Tuesday, November 24, 2009

Farrier visit Nov. 23, 2009

Buttercup experienced significant pain the day after the chiropractor and I ended up calling my farrier in a week and a half early because I was concerned. She was standing like a severely laminitic horse. Very uncomfortable.

At the time another farrier was out and he suggested putting her on a diet that cuts out starches and sugars (decreasing inflammation) like a horse foundering. We are game to try it because it sounds like that makes sense.

When my farrier came out two days later, he agreed with the assessment, trimmed her like usual, and didn't put either cast back on. So, we are officially 100% barefoot! She is wearing Easyboot RXs for right now, but she was completely sound yesterday after the trim and today (on concrete with or without the boots).

I'm pretty pleased!

Pictures, left:


Friday, November 20, 2009

First chiropractic session

Buttercup had her first chiropractic session ever yesterday.

Good things came out of it. Not only were there lots of popping, cracking, unhappy faces and finally sighs and relaxation, but also
I learned that although she was not a "trainwreck" from having so much wrong for more than a year, she needed the adjustment.

Unfortunately, Buttercup did not like the acupuncture, which lets the muscles around the adjusted bones relax. The chiro said she would try at another visit since Bud was likely well worked over at that point.

Sorry for the snapshots of video. My camcorder's acting up and doesn't want to upload anywhere but the TV.

Wednesday, November 18, 2009

Hoof reconditioning

It isn't simple and straightforward, unfortunately.

After about 12 days of being barefoot on her front right, Buttercup was still incredibly ouchie. Her toe was completely purple from bruising and you could literally squeeze her entire hoof together with both hands and watch it flex.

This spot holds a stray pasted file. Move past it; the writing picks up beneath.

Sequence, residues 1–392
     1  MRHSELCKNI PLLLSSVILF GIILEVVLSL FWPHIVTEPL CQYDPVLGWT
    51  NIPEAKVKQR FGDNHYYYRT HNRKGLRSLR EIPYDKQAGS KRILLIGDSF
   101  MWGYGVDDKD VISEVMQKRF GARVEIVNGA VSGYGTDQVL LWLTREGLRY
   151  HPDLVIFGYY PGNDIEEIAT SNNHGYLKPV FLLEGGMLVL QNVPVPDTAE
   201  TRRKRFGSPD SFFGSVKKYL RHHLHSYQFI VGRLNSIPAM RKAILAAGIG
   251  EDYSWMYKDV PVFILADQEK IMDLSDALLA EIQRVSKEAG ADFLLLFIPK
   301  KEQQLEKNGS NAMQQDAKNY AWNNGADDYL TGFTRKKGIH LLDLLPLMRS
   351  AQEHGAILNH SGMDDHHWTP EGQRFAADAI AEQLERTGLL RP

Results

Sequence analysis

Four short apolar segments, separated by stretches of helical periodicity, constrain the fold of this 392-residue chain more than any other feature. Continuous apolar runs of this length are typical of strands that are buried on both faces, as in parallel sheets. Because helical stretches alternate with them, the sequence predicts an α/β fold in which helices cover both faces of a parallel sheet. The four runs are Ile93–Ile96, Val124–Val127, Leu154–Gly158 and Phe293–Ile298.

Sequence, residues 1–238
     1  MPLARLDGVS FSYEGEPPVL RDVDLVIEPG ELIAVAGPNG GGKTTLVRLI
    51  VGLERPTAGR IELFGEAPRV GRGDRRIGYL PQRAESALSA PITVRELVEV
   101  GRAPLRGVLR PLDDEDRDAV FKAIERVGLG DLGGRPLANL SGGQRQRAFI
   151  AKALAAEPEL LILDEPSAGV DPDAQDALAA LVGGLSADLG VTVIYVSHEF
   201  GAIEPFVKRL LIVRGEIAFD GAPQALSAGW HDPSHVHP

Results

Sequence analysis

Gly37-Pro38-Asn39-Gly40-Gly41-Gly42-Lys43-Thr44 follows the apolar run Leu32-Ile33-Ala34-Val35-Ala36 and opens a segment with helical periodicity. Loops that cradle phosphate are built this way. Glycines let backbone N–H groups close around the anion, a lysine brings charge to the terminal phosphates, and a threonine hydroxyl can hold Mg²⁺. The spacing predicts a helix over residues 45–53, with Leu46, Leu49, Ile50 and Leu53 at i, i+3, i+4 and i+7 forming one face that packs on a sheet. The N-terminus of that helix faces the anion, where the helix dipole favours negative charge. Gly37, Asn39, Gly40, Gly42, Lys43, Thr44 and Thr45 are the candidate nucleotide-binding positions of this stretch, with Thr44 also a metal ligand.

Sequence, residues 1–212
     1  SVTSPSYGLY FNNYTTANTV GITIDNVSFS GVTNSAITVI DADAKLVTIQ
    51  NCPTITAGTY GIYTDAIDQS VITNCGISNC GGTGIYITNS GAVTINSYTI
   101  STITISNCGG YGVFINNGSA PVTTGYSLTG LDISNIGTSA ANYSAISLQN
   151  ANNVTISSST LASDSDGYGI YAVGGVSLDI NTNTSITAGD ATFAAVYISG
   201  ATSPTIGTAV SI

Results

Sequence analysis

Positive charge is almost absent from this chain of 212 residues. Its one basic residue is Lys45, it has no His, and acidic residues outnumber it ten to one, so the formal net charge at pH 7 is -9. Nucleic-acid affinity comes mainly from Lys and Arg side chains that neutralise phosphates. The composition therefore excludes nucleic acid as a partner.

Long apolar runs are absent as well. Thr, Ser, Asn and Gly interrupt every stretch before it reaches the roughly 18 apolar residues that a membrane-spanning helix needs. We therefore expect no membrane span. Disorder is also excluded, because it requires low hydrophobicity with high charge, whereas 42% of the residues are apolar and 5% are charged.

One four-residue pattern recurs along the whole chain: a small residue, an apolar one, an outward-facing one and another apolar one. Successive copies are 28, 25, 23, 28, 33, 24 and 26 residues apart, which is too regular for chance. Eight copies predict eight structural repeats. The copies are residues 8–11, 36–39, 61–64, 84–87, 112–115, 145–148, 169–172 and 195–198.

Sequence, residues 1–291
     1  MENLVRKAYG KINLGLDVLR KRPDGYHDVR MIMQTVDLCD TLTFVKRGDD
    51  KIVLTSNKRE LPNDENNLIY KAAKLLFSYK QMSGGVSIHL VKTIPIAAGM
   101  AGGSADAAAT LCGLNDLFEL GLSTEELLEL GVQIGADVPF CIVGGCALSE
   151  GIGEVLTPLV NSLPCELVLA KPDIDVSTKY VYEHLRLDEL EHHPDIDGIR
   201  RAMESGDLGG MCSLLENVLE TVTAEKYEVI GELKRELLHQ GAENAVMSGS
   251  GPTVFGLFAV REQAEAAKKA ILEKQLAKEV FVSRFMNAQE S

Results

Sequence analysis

Our vet happened to be at the barn treating another horse and I asked her about it. She said that likely Bud's hooves can't properly condition themselves because they are too busy responding to the acute pain resulting from the bruising. This made sense to me. After all, this is why horses drop weight when they hurt despite getting fed the same amount. Their energy has to go elsewhere.

The vet suggested I wrap her hoof in the Equicast, but only a few times around to let it wear off quickly and letting the hoof gradually condition as the cast wears away. Luckily, I had purchased a cast when I first considered it a few months back. I had watched the farrier apply it every time, so I felt confident I could do it.

I wore gloves because I know that stuff sticks to you and you can't get it off. First off, the material comes out of the bag and it is rather slippy. I had problems of it slipping and sliding as I tried to wrap it around the hoof on top of itself. I tried to wrap it a bit looser to try to protect the hoof and yet encourage it to do its own thing. It also doesn't harden as fast as I thought it would.

When putting the hoof down, my glove became stuck to it and that was rather funny. After it started to harden and take form, I then walked her around the yard to encourage the cast to really mold to her sole and get rid of bumps and nasties.

It has been over a week since I applied it and it's still on, but wearing down quickly. Buttercup has been sound over most surfaces except for concrete. I'm sure glad I paid attention and could apply that cast to give her temporary relief! Even two days of bute didn't put a dent in her hoof woes. I was applying keratex and turpentine over the week and a half and nothing hardened that hoof.

My hope is that it wears off well before our next farrier visit in early December, and the hoof starts to condition and harden off.

The chiropractor comes out on Friday so I'll have a big post coming! I can't wait to see what's going inside that pony's body.

Thursday, November 5, 2009

Neglect hoof video

A fellow horse forum member sent me this video, and as predicted I love it. It's with a donkey rather than a horse, but the farrier is very patient and knowledgeable. It was definitely worth the 10 minutes or so to sit down and watch it.

I particularly love 8:22 where the donkey looks at the farrier with a happy face. He's so adorable.